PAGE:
The Elephant in the Room

August 7, 2011

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This family of elephants I saw in Tanzania's Serengeti National Park approached our jeep very slowly.

Last month I made my first trip to Africa — I went on a safari in Northern Tanzania. It’s a breathtaking landscape and the wildlife is unbelievable abundant. (I loved it so much, I’m planning my return for next year. If you have the opportunity to go, don’t hesitate.)

One of the most impressive encounters I experienced was with the elephants. There wasn’t a day that went by that we didn’t see them. Sometimes we’d see just two or three, or other times, we would see dozens. And let me tell you, it’s nothing close to what you experience is at a zoo. It’s almost a spiritual experience.

There’s just nothing like seeing an animal in the wild, especially elephants.

Roll back tape to earlier this year and the episode with GoDaddy.com’s CEO Bob Parsons. For those that don’t remember, Parsons went to Africa on a different kind of safari — he wasn’t shooting photographs like me, he was shooting elephants. At the time, as Go Daddy’s PR team tried to explain away the PR black eye Parsons had given to their company, I remember shaking my head, thinking at the time, “They just don’t get it.”

They didn’t understand how Parsons was perceived or if they did, they couldn’t convince their CEO to act on their counsel. (Instead of apologizing for his actions, Parsons and Go Daddy tried to justify them.)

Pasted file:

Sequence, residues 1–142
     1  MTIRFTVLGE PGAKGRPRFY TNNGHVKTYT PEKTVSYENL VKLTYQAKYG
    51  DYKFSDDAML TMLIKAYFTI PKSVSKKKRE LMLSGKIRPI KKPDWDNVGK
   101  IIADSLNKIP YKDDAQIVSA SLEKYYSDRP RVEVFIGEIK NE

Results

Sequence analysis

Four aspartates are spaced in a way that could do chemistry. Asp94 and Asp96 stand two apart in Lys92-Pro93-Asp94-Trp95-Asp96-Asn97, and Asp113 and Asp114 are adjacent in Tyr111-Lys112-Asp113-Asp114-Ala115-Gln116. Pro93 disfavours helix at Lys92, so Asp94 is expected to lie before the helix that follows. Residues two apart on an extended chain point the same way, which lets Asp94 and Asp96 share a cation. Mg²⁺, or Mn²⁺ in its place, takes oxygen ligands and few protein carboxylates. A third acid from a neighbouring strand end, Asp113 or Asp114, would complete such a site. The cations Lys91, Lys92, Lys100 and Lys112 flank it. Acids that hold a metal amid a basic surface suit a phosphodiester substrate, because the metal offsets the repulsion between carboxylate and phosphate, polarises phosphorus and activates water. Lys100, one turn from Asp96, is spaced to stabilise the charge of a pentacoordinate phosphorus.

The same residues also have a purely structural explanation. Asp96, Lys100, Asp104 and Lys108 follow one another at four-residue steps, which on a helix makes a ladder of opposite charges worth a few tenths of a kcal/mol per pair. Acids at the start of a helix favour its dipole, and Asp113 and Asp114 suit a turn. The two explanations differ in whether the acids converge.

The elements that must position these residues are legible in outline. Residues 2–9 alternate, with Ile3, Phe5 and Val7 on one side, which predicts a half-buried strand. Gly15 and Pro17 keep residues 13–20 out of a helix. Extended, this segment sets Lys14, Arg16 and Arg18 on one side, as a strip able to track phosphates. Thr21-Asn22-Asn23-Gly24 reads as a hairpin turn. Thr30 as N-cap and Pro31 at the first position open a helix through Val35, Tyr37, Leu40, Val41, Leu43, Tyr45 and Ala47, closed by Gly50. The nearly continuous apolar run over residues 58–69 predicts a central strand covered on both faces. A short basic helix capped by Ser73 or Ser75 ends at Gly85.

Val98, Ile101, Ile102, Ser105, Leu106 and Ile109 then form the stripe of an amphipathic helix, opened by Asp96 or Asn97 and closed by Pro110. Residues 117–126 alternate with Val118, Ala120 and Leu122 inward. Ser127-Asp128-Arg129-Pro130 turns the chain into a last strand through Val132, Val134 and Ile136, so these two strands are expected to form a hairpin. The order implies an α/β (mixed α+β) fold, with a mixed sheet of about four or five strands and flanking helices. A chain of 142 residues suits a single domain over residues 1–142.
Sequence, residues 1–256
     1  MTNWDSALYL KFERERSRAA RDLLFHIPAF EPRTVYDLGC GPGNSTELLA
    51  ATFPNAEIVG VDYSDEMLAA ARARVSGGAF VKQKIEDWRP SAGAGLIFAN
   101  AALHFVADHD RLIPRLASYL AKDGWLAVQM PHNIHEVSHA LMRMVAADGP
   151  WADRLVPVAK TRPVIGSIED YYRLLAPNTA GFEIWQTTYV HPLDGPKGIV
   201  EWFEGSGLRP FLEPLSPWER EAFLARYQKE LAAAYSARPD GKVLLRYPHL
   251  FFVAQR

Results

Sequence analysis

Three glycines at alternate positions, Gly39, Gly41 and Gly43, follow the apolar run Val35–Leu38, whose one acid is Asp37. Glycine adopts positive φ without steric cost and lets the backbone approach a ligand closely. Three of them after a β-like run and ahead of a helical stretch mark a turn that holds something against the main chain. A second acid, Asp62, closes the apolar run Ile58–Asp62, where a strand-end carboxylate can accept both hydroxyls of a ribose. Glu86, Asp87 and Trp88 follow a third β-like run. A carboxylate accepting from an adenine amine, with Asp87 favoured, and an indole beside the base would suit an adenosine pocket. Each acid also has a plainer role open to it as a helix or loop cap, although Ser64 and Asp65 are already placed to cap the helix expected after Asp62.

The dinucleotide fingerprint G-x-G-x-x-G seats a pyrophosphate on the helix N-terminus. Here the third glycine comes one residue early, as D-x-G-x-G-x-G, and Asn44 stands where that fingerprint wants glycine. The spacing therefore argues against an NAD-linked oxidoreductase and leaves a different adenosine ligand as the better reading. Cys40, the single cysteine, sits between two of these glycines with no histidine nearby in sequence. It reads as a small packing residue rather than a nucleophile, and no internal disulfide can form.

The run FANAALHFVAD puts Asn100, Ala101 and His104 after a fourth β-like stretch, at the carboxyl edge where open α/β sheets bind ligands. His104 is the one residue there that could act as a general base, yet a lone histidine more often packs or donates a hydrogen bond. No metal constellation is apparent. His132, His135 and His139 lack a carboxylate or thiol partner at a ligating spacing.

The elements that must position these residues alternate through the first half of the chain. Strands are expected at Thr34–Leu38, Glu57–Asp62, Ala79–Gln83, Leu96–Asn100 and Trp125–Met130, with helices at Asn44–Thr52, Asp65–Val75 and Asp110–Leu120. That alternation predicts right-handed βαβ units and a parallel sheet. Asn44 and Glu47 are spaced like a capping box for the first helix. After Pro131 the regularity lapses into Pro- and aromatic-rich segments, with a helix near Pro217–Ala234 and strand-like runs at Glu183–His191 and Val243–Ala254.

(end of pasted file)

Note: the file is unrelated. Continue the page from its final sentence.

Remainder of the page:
For several years Go Daddy had helped me with managing my domains and websites. The customer service they offer is superb and they are especially good for people like me who don’t have the technical expertise needed to run their own Website.

While I was upset with Parsons and I called GoDaddy to complain when the story broke, I didn’t act on my principles and move my business. Upon my return from Tanzania, having seen these majestic animals in the wild, I did.

I should have acted immediately, but I hesitated, fearing a technical hassle. (The truth is, it was pretty easy to do and I’m more than a bit embarrassed that it took a trip to Africa in order for me to move my business.)

The whole experience made me think about how often consumer-facing businesses are really unaware of how angry and alienated they have made their customers. (It also made me do an inventory of businesses I no longer do business with because of their corporate values — Chick-fil-A, I’m looking at you.)

It’s also made me think more about how businesses who don’t have corporate social responsibility plan, or at least act with a sense of being socially responsible, do so at their peril. Consumers increasingly are choosing to do business with companies who they perceive share their values.

How about you? Have you ever moved your business because of your principles? If you have, is there anything that business can do to win back your loyalty?

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